Flyer: here
The current event builds on a first colloquium on "Urban Water" that took place in Kiel in 2017 https://doi.org/10.1515/9783110677065.
 

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Wasser - ein Schlüsselelement der Stadt

Kolloquium organisiert vom Exzellenzcluster ROOTS

Wasser ist ein Grundnahrungsmittel, Element der natürlichen Umwelt, aber auch Teil der städtischen Kultur und des sozialen Lebens. Das Kolloquium "Urban Water II", das vom Exzellenzcluster ROOTS, Subcluster "Urban ROOTS", vom 7. bis 9. Dezember 2022 in Kiel veranstaltet wird, beschäftigt sich mit der Frage, wie städtische Akteure in der Vormoderne ihr dynamisches soziales, ökologisches und kulturelles Umfeld in Bezug auf Wasser wahrnahmen und damit interagierten. Experten aus acht Ländern stellen aktuelle Forschungen zum Baden, zu Erzählungen über Wasser, zu Wasser und sozialer Topographie sowie zu Wasser(Heil)Kulten vor. Zugleich spiegeln die Themen des Kolloquiums die Ausrichtung verschiedener Arbeitsgruppen des ROOTS-Subclusters "Urban ROOTS" wider, deren Ergebnisse im Rahmen des Kolloquiums mit den internationalen Experten ausgetauscht und vertieft werden sollen. Von der Geschichtswissenschaft über die Archäologie bis hin zur Literaturwissenschaft und Philosophie sind die unterschiedlichsten Disziplinen vertreten, so dass ein umfassender Blick auf die genannten Themen möglich ist.

Die aktuelle Veranstaltung knüpft an ein erstes Kolloquium zum Thema "Urban Water" an, das 2017 in Kiel stattfand https://doi.org/10.1515/9783110677065.

Understanding an ambitious architectural project in the Roman city Gadara

Claudia Winterstei1
The area of the Perystile Court in Gadara features an unusual octagonal vestibule of approx. 20m width. Photo: Claudia Winterstein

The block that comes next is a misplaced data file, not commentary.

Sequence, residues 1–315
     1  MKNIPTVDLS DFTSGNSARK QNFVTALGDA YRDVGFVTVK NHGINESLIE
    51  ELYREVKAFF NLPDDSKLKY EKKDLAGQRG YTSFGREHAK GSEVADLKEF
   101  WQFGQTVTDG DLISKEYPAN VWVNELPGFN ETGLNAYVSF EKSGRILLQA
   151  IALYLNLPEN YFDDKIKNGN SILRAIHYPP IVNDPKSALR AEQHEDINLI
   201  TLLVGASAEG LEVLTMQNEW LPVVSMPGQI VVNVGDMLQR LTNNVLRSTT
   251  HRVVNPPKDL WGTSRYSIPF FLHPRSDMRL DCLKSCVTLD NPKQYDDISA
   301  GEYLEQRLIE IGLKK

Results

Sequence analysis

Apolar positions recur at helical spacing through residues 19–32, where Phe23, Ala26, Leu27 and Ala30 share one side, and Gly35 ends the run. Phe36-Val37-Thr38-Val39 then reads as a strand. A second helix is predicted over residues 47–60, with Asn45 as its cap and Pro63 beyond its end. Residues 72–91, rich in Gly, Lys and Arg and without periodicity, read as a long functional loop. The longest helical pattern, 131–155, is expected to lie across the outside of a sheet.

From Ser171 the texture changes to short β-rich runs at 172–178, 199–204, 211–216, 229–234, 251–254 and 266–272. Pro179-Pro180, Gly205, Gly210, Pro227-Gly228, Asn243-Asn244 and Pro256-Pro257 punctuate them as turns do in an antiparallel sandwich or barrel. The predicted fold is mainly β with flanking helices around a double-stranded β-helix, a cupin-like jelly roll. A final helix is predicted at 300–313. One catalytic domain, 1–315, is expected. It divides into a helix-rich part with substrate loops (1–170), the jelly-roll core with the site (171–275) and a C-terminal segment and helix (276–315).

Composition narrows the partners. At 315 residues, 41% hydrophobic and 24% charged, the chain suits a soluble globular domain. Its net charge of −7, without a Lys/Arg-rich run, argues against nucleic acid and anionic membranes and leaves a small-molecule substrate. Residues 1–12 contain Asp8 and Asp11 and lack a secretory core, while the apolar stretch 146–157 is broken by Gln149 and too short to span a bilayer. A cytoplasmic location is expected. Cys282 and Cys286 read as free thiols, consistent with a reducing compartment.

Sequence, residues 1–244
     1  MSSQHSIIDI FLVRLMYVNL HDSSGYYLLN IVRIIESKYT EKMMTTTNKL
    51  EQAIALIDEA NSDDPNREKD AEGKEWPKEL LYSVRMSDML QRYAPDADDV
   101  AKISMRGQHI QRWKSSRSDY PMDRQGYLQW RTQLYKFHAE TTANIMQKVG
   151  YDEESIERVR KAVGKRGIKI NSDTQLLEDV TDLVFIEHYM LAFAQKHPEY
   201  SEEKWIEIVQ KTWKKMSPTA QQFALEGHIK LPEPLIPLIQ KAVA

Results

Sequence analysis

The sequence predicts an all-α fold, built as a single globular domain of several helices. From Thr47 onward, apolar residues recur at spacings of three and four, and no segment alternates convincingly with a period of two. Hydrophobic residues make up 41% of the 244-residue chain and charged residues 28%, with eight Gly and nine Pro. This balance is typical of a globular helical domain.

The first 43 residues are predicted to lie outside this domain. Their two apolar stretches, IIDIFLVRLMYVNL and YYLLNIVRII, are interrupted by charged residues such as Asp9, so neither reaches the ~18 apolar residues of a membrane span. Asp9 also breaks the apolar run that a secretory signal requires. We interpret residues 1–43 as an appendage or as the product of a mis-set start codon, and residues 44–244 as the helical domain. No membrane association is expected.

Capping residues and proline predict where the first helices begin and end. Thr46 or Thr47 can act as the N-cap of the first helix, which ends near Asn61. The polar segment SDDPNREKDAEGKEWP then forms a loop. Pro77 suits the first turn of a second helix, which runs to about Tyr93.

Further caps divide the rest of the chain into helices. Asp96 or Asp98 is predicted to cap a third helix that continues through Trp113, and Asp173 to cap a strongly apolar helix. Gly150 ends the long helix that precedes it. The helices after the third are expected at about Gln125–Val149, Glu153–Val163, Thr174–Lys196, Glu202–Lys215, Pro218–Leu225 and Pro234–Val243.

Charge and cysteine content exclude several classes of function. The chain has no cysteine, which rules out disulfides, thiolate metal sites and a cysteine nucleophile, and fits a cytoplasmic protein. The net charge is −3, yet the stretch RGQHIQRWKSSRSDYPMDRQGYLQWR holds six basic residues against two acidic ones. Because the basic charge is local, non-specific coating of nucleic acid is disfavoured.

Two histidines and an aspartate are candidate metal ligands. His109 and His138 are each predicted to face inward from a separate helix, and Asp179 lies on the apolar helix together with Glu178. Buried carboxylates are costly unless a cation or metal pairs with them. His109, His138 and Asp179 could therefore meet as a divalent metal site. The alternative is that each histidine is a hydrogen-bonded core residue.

Just ten kilometres southeast of the Sea of Galilee, close to the modern city of Umm Qays in northern Jordan, lie the ruins of the important ancient city of Gadara. They were described as early as the 19th century, but despite repeated investigations on site, many questions about the former urban structure of Gadara remain unanswered. From 18 to 24 September, ROOTS member Patric-Alexander Kreuz together with Brita Jansen from the German Protestant Institute for Archaeology in Amman and Claudia Winterstein from the Technical University Berlin visited the site to investigate the so-called Peristyle Court and adjacent structures in the western parts of ancient Gadara immediately inside the Roman fortification. They sought to contribute to a better knowledge of this important, yet neglected monument of Roman Gadara from the Roman to Middle Islamic period.

With the permission from the Department of Antiquities of Jordan the team established a scaled layout plan of the so far excavated structures supplemented by a short description. The documentation was done with a Total Station and it recorded walls and foundations, wall seams, door openings, stairs, niches, thresholds and postaments of columns, i.e. remains that can be connected to the Roman period-architecture of the area (which also served as the built framework for later reuse).

The analysis of the data allowed the team to study and identify all architectural units of the area, among them the monumental main gate, an unusual octagonal vestibule of approx. 20m width, and the huge peristyle court of 54x45m, comprising also several architectural units of different size and design, among them a lavish public latrine, a 20,5m wide hall with a podium along the inner walls, a row of shops and workshops, and the remains of a podium architecture, probably a small temple. A long-lasting use of the area up to the medieval period is obvious in numerous later modifications, installations and appropriations of the former architecture.